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The world is flat, and how it happened.

It is amazing to see how much the world had progressed just between the tapings of these two discussions. Charles Leadbeater spoke in 2005, and many of the things he predicted had happened by 2008, the time of Thomas Friedman gave his talk on his book, The World is Flat. Both speakers discuss how the way the world creates and interacts with one another was changing and continues to change even now.

Leadbeater discussed how some of the most innovative inventions of our time (i.e. the mountain bike) came not from big corporations, but from the consumer seeing a need, and creating a solution. He spoke about the traditional idea of a creative person, and how that perception should change, because our world is changing. New ideas don’t just come from this niche group of people, they come from collaboration made possible by the Internet. The consumers and readers don’t just want what we can give them, the Internet gave them the desire for a voice and a dialog with the professionals who produce the content. This new technology, according to Leadbeater, turns users into producers and consumers into designers. Passionate amateurs are using new tools to create products that companies cannot.

Fast-forward three years, and Friedman gives a talk at MIT about the third edition of his book based on this very concept. He sites four key “flatteners” that created the technological and working world that existed in 2008. The first of these flatteners was the release of the PC, which gave individuals the ability to author content in the digital world. The second was the company, Netscape going public. This company gave us the browser which gave us tools to bring the Internet to life. For the first time everyone was everyone else’s neighbor; everyone could send, receive, and share content. The third “flattener” was when everyone’s PCs actually became compatible to one another. Before, their was the potential for connection, after the programs were given the ability to talk to one another, everything changed.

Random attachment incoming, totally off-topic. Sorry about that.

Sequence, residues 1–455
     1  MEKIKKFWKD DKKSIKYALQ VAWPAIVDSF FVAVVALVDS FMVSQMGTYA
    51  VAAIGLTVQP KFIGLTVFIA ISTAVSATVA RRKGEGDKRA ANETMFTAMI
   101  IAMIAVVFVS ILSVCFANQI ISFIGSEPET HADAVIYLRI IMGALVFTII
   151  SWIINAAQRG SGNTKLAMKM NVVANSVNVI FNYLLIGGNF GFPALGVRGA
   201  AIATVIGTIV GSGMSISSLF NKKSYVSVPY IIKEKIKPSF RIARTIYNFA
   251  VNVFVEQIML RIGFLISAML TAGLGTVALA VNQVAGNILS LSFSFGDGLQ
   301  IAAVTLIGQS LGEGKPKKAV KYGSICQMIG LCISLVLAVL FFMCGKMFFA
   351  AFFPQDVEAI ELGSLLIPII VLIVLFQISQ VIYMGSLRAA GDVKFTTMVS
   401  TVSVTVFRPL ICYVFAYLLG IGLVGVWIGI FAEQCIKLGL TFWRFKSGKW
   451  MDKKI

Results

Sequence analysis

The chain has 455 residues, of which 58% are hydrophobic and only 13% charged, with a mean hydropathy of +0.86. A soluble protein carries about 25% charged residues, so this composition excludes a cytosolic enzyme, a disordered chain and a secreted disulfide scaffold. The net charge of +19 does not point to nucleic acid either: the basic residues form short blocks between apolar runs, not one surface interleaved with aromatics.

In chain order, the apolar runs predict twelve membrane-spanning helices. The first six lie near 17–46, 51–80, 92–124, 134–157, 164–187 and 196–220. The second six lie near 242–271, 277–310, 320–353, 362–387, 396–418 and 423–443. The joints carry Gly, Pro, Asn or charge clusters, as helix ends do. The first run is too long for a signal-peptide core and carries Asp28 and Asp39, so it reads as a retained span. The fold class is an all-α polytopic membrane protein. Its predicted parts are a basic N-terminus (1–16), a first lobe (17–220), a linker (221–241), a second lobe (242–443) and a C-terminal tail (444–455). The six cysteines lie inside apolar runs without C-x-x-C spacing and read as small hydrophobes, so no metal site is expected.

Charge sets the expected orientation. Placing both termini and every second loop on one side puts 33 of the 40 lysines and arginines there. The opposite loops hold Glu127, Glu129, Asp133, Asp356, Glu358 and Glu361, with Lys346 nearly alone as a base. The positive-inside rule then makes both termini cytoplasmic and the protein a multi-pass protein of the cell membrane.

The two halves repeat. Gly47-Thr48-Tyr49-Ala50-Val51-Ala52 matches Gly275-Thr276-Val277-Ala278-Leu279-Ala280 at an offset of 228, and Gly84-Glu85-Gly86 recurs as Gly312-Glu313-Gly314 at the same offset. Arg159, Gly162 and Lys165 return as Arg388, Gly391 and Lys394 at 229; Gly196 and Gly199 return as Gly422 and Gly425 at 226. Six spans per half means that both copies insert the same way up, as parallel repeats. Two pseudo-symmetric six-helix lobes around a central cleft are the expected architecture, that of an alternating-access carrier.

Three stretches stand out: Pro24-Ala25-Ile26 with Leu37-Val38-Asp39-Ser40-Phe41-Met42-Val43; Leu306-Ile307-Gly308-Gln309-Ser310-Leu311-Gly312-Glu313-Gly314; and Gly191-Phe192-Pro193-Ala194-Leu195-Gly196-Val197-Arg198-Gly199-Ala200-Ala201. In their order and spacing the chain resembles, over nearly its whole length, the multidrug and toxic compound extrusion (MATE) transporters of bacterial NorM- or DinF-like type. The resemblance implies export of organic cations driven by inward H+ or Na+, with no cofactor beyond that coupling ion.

“When the world was round, you downloaded as an individual. Now that the world is flat, individuals can upload and globalize their own content.” 

The fourth “flattener” came in the form of convergence. Now, everything that could be done, would be done, and traditional media and companies were left reeling in the consequences of this open market.

So, seven years later, how flat is the world? We would probably venture to say, as flat as it could possibly be. With the addition of countless new platforms in the form of social media and more. Not to mention, the addition of smart phones on the market. That invention took the freedom to globalize our own content mobile, something that would have been unprecedented when Netscape went public in 1995. However, while we may think that the world could not get any flatter, I’m sure that the minds of 2008 thought the same thing. So, who are we to say that we are at the top of the technological ladder? No one. We are no one. Everyday, new technology is released from countless sources. Who knows where the world will be in seven years. For us as producers of content for the web, this simply means we must keep up.In he is horizontal, rather than vertical framework,  have more opportunity for success than ever before, however, the downside to this accessibility is the countless number of people who also have access to this technology who are just as good and better than you at what you do. In relation to this class, we have to be the best we can possibly be, and follow all of the rules of SEO and beyond to be noticed in this privileged, flattened world.